GETTING TO KNOW YOU …

What’s your current plan B? 

Hahah! I don’t plan in the first place, so I don’t have a Plan B. I guess I’d ask work if they could take me on for more days. Not a very imaginative answer, but the realistic one. Stories and characters are how I make sense of my life and the world around us and I’m interested in so much. I’ve been writing on and off since I was ten. So, anyone paying me anything for my words is a literal dream come true. If it all goes away tomorrow? I’d still write because I have to; with writing there is always more to learn. Different age groups, forms, genres – the possibilities are endless.

What’s made you Sad, Mad, Glad this week?

My kids. Teenagers are the funniest and most infuriating species in the entire universe.

What are you watching right now? 

We’ve nearly finished Barry which is about a hitman who wants to be a comedy actor. I’m enjoying it, but preferred Mr Inbetween which has a similar premise. Also watching Succession which I feel is way over my head; I enjoy it intellectually, but it doesn’t totally engage my heart/gut. It’s so rare we watch regular telly, so we keep forgetting that there are new episodes of Inside No 9 too.

What are you reading right now? 

I’m mainly reading proofs of upcoming children’s books. The children’s writing community is supportive and it’s a way to celebrate fellow authors. I have about five on my pile. But I can’t wait to read the books that I’ve been meaning to read for months now, too. Summertime, I have a selection – sometimes I literally just spend time rearranging them depending on my mood, but on that list are Flourish by Antonia Case, The Panopticon by Jenni Fagan, The Opposite of Loneliness by Marina Keegan but I also need to read some more myths and legends stuff for
Fablehouse book two. I can read non-fiction alongside a fiction book, but usually I do only like to have one book on the go at a time and I can’t read at night because it keeps me awake.

What are you listening to right now? 

I only really get to listen to music on the school run so that’s either stuff from the past or my kids take over — Taylor Swift or Nujabes. I love a podcast though and often search up a topic and download an episode about it. I currently have about 600 episodes saved on my phone. I love listening to experts talk about film which is my biggest love, alongside a self-development/improvement podcast.

The last thing you saw on stage?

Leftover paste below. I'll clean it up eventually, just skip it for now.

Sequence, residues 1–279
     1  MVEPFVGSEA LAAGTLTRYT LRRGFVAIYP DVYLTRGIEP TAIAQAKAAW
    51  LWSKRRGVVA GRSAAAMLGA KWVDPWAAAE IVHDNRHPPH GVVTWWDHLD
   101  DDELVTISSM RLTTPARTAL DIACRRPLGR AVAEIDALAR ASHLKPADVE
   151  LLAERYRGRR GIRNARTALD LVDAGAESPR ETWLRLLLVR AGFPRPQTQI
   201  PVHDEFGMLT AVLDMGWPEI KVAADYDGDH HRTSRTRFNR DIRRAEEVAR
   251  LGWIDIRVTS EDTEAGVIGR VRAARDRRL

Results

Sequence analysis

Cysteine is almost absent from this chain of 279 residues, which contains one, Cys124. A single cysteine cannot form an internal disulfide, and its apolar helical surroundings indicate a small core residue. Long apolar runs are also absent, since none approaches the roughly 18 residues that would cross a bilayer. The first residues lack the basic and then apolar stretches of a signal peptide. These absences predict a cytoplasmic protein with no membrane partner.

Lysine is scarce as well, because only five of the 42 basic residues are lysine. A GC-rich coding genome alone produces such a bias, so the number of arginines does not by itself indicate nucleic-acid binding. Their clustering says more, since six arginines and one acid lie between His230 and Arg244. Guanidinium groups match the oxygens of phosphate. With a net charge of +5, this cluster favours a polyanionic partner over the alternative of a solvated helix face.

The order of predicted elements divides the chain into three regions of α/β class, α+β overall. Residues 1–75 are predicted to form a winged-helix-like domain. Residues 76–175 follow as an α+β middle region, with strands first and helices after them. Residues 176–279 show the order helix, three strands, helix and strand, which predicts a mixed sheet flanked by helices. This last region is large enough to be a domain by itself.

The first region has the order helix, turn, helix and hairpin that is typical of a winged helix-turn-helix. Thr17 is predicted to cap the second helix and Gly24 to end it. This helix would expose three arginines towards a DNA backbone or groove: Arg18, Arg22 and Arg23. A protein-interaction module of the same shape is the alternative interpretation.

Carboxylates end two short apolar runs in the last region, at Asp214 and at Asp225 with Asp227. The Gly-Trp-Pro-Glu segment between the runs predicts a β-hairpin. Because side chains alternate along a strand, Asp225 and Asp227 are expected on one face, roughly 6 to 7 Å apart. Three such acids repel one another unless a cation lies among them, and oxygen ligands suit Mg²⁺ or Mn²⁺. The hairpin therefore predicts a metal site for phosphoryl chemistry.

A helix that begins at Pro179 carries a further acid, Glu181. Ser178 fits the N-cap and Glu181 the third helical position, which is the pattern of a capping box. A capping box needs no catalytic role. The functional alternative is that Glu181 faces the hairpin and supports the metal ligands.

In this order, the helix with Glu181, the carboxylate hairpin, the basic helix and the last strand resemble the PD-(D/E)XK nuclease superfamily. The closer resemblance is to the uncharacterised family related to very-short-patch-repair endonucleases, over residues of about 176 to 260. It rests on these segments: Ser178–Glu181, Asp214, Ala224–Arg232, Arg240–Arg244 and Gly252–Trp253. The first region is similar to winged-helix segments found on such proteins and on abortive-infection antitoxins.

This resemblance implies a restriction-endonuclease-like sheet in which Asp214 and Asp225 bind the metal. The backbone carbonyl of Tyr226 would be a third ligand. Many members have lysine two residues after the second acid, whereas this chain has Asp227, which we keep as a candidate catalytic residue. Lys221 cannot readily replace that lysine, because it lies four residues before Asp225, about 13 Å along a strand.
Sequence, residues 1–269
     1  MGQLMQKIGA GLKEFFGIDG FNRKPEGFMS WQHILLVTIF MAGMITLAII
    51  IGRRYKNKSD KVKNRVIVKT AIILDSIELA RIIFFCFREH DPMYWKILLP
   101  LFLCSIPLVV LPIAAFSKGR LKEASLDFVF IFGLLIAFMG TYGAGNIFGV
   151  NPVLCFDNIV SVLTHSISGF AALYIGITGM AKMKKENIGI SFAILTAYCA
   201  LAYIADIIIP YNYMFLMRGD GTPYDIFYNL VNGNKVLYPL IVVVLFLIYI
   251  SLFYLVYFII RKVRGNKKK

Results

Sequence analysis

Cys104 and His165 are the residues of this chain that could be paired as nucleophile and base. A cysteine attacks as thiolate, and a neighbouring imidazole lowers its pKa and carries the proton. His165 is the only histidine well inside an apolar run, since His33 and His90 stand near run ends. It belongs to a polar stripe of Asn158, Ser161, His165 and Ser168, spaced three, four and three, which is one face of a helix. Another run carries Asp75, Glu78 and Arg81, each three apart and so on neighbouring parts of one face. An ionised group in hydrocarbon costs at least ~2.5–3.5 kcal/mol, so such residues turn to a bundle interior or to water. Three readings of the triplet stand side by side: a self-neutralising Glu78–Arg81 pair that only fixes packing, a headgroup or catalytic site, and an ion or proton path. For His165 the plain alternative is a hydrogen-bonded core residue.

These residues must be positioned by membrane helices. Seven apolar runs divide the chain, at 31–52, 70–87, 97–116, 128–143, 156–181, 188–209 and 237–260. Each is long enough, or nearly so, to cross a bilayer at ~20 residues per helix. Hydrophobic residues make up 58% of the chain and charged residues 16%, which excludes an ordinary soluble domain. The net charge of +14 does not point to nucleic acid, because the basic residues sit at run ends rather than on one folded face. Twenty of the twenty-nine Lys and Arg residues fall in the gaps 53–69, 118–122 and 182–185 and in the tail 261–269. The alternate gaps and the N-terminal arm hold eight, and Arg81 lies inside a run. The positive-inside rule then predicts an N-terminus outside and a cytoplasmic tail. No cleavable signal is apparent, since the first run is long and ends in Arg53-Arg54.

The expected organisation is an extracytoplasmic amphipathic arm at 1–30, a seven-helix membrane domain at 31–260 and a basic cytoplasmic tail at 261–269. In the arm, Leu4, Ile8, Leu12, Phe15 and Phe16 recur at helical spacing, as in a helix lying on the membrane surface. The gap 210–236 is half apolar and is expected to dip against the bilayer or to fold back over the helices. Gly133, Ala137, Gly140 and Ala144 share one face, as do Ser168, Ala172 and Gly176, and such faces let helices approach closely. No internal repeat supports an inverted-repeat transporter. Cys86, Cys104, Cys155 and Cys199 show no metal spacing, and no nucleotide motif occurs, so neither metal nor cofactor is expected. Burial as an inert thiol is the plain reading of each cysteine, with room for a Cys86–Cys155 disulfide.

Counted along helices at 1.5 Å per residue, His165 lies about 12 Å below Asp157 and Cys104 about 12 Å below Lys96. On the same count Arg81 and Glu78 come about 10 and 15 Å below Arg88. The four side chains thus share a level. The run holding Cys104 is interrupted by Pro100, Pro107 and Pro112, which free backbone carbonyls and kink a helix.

Bonnie and Clyde, the musical.

What’s on your bucket list? 

Much more travel around Europe, perhaps with the possibility of living in a European city at some point? (Unlikely with Brexit, I know). I’d like to take the kids to the USA, I’d love to see the Grand Canyon.

Celebrate someone else …

Well, Jasmine Richards is smashing it with her company, Storymix. What she has done in just four years is truly outstanding, especially as someone who is helping others up the ladder too.

Celebrate yourself …

I signed with my agent in July 2018. The book she signed me on never sold. But to date, I’ve been involved in 14 different projects – I just said ‘Yes’ to everything, working too hard sometimes, seeing whatever came my way as a wonderful learning curve. Not through my agent, but I even wrote an episode of Eastenders last year too. This book, Fablehouse, happens to be getting the most attention so far, which is very exciting, but please – if you’ve enjoyed Fablehouse, do feel free to check out my past projects or consider me for your next.

Whose footsteps are you following in?

My own, and every woman who is juggling family alongside working and also finding time for her creative passions!

What’s Next? 

I cannot wait for some time and space to dream. I’m looking forward to going to galleries and exhibitions and being inspired and coming up with original ideas for my next children’s book. I’d like to adapt some of my short stories into short films or see if they might work on stage. I’d like to keep learning and growing.

Where can we find you? 

Life is busy – work, kids etc. so I do try to limit my social media use or else I end up feeling rubbish. I’m not on Facebook. I don’t really understand Insta. But I enjoy wasting far too much time on Twitter (mainly at weekends).

Where can we read Fablehouse

Fablehouse comes out 8th June 2023. Then, I’ve got a non-fiction with Adam Rutherford called Where Are You Really From? which comes out in September.